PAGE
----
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||The two-cup drink/dunk is an amazing thing. I am sat here in Australia in a water shortage situation at the mo and can't help but think that it is too much of a luxury at present to be dunking in a separate cup. I will have to stick to holding a piece of biscuit in my mouth and quickly taking a sip of tea, to achieve the dunked effect without getting that nasty sediment at the bottom of the cup.|
Nicey, I lived for some time in London, and coming back to Australia has reminded me that tea can taste oh so different depending on the local water supply. I remember having lovely cups of tea in Devon and The Peaks, and I always used filtered water in the kettle in London. Where, in the world, is the best 'tea water'?
|Nicey replies: Very good point about the water. Our water at NCOTAASD HQ is very hard being drawn from chalk ground water. It does however produce its own sort of unique tea which without realising over the space of a mere ten to fifteen years one gets quite used to. Having spent three weeks travelling around France making tea in various places, there is still nothing quite like that first cuppa when you get home. Is it the water?
I'm sure many people would be thinking of Yorkshire Tea's two blends for hard and soft water areas which they'll post samples out free to UK residents. Also I'm fairly sure that vats of Manchester water used to shipped out to Indian tea plantations to aid with the proper blending of the tea before shipment.
||Hola Nicey (gone all Spanish for a bit as it's hollies season)|
You said in your reply to Nessa's lovely pictures of her tea party (what a fabulous idea, I may take the liberty of following suit if she doesn't object...) that the plucky blue teapot had a chip out of its rim. But surely you can see that it's one of those spangly-fangled clever teapots which can hold its own integral strainer attachment, thereby allowing the use of leaves instead of bags without having to cart around the small hand-held tea strainer (with the accompanying dilemma of where to put it when it gets full of leaves).
Jolly lovely array of teapots and cups/saucers there, do all of Nessa's friends share her passion and brought along their own I wonder? What a fabulous idea - after the advent of book clubs, knitting circles and sewing gangs, perhaps we should all be starting NCOTAASD appreciation societies, meeting once a month for general tea, biscuit and sit-down activities in the company of like-minded others? I'm sure I can't have been the first to think of it...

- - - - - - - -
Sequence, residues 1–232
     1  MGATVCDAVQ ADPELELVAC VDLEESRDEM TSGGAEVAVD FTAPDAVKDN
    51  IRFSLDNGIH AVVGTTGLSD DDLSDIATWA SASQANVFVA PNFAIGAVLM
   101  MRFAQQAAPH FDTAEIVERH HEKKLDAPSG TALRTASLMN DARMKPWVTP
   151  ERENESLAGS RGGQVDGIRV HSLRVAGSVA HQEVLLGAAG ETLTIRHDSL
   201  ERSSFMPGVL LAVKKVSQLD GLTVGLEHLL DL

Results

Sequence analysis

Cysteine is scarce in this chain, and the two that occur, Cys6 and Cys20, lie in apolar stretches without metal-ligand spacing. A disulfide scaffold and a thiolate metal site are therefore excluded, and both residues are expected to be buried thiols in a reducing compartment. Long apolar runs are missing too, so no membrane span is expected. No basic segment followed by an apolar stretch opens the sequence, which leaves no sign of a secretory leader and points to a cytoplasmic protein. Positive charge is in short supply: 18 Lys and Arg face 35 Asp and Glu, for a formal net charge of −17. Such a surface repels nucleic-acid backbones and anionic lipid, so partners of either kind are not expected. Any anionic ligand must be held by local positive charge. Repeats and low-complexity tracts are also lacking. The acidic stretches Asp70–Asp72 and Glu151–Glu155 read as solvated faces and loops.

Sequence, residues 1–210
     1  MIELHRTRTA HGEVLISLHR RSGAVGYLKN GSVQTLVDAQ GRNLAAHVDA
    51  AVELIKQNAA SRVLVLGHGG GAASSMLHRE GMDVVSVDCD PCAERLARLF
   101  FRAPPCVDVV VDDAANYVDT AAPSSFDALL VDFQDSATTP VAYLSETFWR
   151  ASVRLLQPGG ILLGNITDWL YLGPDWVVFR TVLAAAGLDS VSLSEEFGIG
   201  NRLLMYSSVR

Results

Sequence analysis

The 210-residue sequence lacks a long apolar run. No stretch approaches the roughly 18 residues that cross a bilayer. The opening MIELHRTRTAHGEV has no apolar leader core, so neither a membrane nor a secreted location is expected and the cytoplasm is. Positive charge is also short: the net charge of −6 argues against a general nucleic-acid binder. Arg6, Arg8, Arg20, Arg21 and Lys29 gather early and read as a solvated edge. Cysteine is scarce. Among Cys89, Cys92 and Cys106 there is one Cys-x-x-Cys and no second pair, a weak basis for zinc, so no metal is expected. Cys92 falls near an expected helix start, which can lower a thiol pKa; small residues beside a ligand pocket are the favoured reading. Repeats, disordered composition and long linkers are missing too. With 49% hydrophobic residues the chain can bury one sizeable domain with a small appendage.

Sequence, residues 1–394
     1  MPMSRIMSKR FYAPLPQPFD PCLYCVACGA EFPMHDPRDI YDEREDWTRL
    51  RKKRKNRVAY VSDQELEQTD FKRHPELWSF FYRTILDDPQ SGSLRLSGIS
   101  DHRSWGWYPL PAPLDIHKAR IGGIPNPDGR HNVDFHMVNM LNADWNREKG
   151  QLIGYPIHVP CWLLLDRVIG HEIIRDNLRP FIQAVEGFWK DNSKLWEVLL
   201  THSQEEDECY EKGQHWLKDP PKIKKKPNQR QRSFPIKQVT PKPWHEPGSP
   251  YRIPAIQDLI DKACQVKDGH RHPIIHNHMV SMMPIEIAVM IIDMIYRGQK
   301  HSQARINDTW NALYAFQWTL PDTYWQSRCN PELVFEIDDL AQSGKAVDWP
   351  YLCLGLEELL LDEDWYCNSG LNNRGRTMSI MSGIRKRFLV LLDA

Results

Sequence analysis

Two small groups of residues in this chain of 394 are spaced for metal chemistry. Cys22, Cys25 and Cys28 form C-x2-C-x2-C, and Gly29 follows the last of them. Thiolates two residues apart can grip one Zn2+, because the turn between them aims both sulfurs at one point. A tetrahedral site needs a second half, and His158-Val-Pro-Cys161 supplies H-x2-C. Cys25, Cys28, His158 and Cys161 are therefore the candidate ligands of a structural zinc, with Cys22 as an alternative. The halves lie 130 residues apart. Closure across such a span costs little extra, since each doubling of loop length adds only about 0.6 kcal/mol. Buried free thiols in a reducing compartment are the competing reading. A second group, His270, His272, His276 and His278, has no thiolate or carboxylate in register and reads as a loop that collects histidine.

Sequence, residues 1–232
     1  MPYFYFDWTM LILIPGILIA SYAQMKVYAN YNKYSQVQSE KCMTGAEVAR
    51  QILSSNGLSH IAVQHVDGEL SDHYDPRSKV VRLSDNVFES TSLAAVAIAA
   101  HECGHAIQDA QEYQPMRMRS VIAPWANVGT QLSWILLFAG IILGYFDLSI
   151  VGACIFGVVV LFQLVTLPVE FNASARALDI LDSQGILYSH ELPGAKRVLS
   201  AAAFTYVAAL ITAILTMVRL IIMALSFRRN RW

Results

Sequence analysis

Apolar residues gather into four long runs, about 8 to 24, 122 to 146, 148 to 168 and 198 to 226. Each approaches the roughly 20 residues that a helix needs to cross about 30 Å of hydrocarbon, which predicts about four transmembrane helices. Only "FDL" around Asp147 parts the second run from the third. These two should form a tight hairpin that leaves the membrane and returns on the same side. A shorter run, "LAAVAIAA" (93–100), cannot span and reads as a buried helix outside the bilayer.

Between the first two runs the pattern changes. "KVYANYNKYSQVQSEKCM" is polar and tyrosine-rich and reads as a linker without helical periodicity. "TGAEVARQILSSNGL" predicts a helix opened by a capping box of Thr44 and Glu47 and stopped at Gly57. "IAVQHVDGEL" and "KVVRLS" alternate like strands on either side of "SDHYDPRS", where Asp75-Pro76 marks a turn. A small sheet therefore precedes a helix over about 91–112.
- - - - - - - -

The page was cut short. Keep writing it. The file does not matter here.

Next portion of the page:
Hope you head off somewhere smashing for your hollies, love to Wifey and the YMOS.
Sarah in Bath xxx
|Nicey replies: Yes you can see how ignorant I am of cutting edge teapot gadetry, and you're not the only one to pick me up on this. Still I think a few chips and the occasional missing handle add a touch of earthy personality to some of the more senior teapots, even if it does make them unpleasant and awkward to use.|
||Regarding Nicholas 'Kif' Stevensons' email about one individual rogue jaffa cake in each of his two packs facing the wrong way, I can tell you that the reason for this is so the chocolate on the top of the jaffa cake doesn't melt when the plastic wrapper is heat sealed.|
If the chocolate was facing the outside it could melt if it came into contact with the hot, recently sealed plastic, thus the end jaffa cake, with the chocolate facing outside, is turned around to face the inside.
I can also divulge that this is done by machine rather than by hand.
Your eagle-eyed readers will also notice this happens on most chocolate topped biscuits.
I hope this answer satisfies your quench for biscuit knowledge.
|Nicey replies: I feel like stopping people on the street and passing that on now that I know. I expect you have been doing so for years I've just never run into you.
What Nessa appears to have had is a tea and fruit infusion party.....however i'm not going to get started on that again!
I've always thought you can tell a lot from someone's tea drinking habits and I think we can read a lot in to Nessa through these photos.
- She has laid out 19 cups and therefore expects 18 friends or family to join her for her party, this tells me she is clearly popular.
- She expects to get around 5 cups of tea out of each pot. This tells me she is an ambitious person but not someone who would tackle the impossible.
- The spread of identical iced fingers, large cake and enormous variety of tea types tells me that she likes to avoid conflict.
- The tesco finest jam tells me that she enjoys a little luxury in life, however would not waste money on top end names such as M+S or Waitrose just to impress.
Am I somewhere near the mark in my tea psychiatry?
I'm sure you have the higher resolution pictures at HQ, so could you tell me what those 3 strange spherical objects are in the middle picture.
|Nicey replies: Yes I thought I would let the infusion thing go which seemed fair as the three round things appear to be plums showing a genuine interest in fruit.|
||I’ve just turned 30, so to mark the occasion I had a proper tea party with proper bone china and proper cake and scones and clotted cream and strawberries and even proper cucumber sandwiches without the crusts. I thought you might like to see a few piccies. Note the Nice Cup Of Tea and a Sit Down book on display next to the cups. Everyone had such a lovely time, maybe next year we’ll do it again, but with biscuits.|
|Nicey replies: Hoorah! for you and your lovely tea party, I liked the candelabra at the back and the plucky blue teapot which still took part despite having a chip out its rim, good for him/her (blue for a boy? (oh no have I just started a debate as to the gender of teapots? (probably not))).|